Hawaii residents go to the polls Saturday to vote in key primary races including hotly-contested Senate and gubernatorial contests, as the worst of a tropical storm that pounded the island state for several days has passed.
The National Weather Service in Honolulu canceled a tropical storm warning for all Hawaiian Islands now that Iselle has passed, said state officials, who scrambled Saturday to set up polling stations. They have already postponed voting in two precincts on the Big Island amid power outages and debris-strewn roads.
At least half of Hawaii voters were expected to cast early ballots, and about 8,000 affected voters will be able to cast absentee ballots later, with a lower-than-usual Election Day turnout possible.
In the Democratic primary race for Senate, incumbent Sen. Brian Schatz faces Rep. Colleen Hanabusa to serve the remainder of Democratic Sen. Daniel Inouye’s term.
The race is dividing Democrats because Democratic Gov. Neil Abercrombie nominated Schatz, his lieutenant governor, after Inouye’s death in 2012, despite Inouye saying he wanted Hanabusa to succeed him.
Some think the move was disrespectful to Inouye, a World War II hero, whose legacy hovers over the tight race in which Hanabusa now has a 50-to-42 percent lead over Schatz, according to a recent poll for Hawaii News Now/Star Advertiser.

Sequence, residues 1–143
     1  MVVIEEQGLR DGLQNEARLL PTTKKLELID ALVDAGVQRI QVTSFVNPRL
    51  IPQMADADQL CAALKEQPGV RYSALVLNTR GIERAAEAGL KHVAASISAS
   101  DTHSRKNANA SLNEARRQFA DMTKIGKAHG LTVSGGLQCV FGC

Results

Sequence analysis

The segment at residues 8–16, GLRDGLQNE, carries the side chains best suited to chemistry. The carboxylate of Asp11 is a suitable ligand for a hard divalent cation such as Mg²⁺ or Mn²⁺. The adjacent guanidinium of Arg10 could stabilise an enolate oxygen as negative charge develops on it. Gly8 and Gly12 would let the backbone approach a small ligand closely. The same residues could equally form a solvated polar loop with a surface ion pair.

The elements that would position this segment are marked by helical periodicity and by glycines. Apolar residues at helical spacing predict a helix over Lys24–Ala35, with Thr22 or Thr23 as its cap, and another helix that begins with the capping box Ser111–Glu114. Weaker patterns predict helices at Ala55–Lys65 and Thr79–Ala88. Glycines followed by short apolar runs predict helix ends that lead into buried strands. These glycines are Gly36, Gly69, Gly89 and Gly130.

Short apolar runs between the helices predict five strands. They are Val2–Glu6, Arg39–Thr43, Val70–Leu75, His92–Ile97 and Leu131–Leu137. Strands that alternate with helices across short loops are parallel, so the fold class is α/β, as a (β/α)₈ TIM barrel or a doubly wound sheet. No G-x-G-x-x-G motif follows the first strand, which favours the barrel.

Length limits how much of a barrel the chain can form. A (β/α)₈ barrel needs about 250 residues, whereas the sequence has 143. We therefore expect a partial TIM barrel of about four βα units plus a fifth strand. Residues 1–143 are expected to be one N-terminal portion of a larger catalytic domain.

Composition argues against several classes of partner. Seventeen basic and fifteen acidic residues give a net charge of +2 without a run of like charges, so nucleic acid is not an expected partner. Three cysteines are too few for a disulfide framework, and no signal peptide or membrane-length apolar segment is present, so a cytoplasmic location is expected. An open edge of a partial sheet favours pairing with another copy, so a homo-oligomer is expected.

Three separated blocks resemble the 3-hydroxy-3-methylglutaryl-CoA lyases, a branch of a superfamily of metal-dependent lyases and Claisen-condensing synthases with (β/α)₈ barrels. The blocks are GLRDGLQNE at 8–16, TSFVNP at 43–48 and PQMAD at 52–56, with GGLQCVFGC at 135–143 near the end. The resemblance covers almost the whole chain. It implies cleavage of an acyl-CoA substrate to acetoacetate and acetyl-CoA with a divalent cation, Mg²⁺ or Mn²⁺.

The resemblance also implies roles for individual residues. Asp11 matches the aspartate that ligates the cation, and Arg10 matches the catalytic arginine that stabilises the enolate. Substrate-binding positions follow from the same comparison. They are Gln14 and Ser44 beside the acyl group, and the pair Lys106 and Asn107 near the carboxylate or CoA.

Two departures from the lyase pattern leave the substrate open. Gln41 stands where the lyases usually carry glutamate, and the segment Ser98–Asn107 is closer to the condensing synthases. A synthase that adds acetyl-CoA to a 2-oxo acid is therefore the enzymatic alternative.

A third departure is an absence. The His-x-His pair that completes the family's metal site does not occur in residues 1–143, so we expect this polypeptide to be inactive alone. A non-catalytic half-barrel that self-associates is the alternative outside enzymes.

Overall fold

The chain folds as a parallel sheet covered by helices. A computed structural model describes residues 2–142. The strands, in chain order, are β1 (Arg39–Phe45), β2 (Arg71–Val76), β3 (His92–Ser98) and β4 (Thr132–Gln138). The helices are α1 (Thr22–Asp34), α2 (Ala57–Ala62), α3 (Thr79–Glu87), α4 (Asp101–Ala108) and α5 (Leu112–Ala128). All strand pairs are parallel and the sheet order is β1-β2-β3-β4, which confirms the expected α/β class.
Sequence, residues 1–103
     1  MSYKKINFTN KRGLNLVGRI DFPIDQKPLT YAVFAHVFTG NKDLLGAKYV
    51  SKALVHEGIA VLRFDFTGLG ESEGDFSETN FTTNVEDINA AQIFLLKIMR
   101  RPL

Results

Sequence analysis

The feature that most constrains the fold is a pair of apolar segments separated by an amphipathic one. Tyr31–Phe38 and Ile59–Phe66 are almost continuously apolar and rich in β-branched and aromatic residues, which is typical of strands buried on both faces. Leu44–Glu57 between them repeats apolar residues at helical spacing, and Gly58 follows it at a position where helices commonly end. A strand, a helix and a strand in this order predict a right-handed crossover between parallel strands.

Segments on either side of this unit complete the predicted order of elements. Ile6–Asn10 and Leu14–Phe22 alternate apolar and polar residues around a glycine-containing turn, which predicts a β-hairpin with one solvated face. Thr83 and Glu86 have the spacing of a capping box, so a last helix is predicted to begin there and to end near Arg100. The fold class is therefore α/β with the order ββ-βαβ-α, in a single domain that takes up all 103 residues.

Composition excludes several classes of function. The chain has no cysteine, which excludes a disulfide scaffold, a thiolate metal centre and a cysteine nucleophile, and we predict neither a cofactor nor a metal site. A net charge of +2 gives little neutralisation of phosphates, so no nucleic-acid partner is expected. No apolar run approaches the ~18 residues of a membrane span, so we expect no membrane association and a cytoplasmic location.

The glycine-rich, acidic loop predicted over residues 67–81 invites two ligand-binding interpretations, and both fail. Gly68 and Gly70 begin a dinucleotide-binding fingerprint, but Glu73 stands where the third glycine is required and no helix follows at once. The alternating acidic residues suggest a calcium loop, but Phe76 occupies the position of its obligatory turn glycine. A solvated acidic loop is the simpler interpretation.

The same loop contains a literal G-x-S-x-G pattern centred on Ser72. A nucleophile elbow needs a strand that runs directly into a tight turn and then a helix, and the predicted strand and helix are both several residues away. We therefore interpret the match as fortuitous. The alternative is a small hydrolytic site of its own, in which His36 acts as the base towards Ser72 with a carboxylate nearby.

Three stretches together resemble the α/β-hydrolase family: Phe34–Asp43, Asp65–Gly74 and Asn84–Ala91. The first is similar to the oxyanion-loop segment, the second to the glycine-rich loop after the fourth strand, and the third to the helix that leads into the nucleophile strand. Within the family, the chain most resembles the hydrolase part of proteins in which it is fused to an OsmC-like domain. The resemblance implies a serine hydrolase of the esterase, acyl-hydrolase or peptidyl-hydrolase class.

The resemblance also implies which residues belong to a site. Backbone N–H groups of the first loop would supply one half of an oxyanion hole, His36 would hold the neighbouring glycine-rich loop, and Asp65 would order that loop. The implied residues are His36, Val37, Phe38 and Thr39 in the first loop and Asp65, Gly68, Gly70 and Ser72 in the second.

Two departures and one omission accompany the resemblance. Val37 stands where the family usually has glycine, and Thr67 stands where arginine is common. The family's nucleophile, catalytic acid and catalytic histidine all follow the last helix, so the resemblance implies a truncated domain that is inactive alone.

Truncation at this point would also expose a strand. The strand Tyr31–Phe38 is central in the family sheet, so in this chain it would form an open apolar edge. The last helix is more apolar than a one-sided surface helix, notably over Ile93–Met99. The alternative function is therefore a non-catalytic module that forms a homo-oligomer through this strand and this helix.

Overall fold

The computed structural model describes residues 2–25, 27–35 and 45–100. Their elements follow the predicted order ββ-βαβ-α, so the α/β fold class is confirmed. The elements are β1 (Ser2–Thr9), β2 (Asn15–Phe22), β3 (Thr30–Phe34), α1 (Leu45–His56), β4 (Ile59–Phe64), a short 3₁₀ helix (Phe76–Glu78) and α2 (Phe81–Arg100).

Schatz points to several other polls that show him in the lead, including at least one in which he reportedly has a 10-point lead.
Abercrombie, a Democrat, also faces a strong primary challenge, from state Sen. David Ige.
Though the storms have given the governor free and unexpected TV time, Abercrombie stressed that he has removed himself from election conversations as he deals with the storm.
“I have absented myself from that completely," he said.
Still, his extra TV time could provide a boost after a recent poll showed him trailing Ige, who has offered himself as an alternative to voters unhappy with Abercrombie's perceived confrontational style.
The winner of the Democratic Senate primary will in November face the top vote-getter in the Republican primary that includes businessman and former state lawmaker Cam Cavasso, in the Democrat-leaning state.
Hanabusa, who like Inouye is Japanese-American, has attracted many of his dedicated supporters, while other voters have been attracted to Schatz's more progressive message.
Throughout the campaign, Hanabusa has played up her connections to Inouye and doesn't shy away from bringing up his name. One campaign ad, titled "Inouye," features photos of her with him.
Schatz, meanwhile, has downplayed how he got his Senate promotion, instead touting his endorsement earlier this year from another Hawaii heavyweight, President Obama, and his work in Senate since joining 20 months ago.
Both Schatz, 41, and Hanabusa, 62, have emphasized something else Inouye was known for doing -- bringing federal money back to the islands.
In addition the Senate and gubernatorial races, seven Democrats are competing to replace Hanabusa in her congressional seat.
Voters are also weighing contests in the Legislature, where both the Senate and House of Representatives are controlled by Democrats, and mayoral contests in Maui and Kauai.
The Associated Press contributed to this report.